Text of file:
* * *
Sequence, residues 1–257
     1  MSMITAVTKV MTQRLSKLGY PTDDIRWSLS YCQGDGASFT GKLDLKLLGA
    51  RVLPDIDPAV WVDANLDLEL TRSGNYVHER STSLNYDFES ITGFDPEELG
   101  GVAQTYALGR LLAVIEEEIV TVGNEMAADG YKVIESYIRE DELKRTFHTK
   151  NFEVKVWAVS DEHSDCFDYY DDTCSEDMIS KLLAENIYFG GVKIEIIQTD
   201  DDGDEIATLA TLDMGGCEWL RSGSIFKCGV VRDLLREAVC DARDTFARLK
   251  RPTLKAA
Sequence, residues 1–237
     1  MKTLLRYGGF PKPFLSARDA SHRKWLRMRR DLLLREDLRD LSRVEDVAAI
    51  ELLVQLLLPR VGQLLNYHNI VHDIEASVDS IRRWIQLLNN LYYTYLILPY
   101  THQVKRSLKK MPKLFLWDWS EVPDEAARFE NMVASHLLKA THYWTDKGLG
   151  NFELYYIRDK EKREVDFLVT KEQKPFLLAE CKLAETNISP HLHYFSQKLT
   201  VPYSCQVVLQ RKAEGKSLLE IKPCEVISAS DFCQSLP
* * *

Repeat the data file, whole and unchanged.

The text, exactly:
Sequence, residues 1–257
     1  MSMITAVTKV MTQRLSKLGY PTDDIRWSLS YCQGDGASFT GKLDLKLLGA
    51  RVLPDIDPAV WVDANLDLEL TRSGNYVHER STSLNYDFES ITGFDPEELG
   101  GVAQTYALGR LLAVIEEEIV TVGNEMAADG YKVIESYIRE DELKRTFHTK
   151  NFEVKVWAVS DEHSDCFDYY DDTCSEDMIS KLLAENIYFG GVKIEIIQTD
   201  DDGDEIATLA TLDMGGCEWL RSGSIFKCGV VRDLLREAVC DARDTFARLK
   251  RPTLKAA
Sequence, residues 1–237
     1  MKTLLRYGGF PKPFLSARDA SHRKWLRMRR DLLLREDLRD LSRVEDVAAI
    51  ELLVQLLLPR VGQLLNYHNI VHDIEASVDS IRRWIQLLNN LYYTYLILPY
   101  THQVKRSLKK MPKLFLWDWS EVPDEAARFE NMVASHLLKA THYWTDKGLG
   151  NFELYYIRDK EKREVDFLVT KEQKPFLLAE CKLAETNISP HLHYFSQKLT
   201  VPYSCQVVLQ RKAEGKSLLE IKPCEVISAS DFCQSLP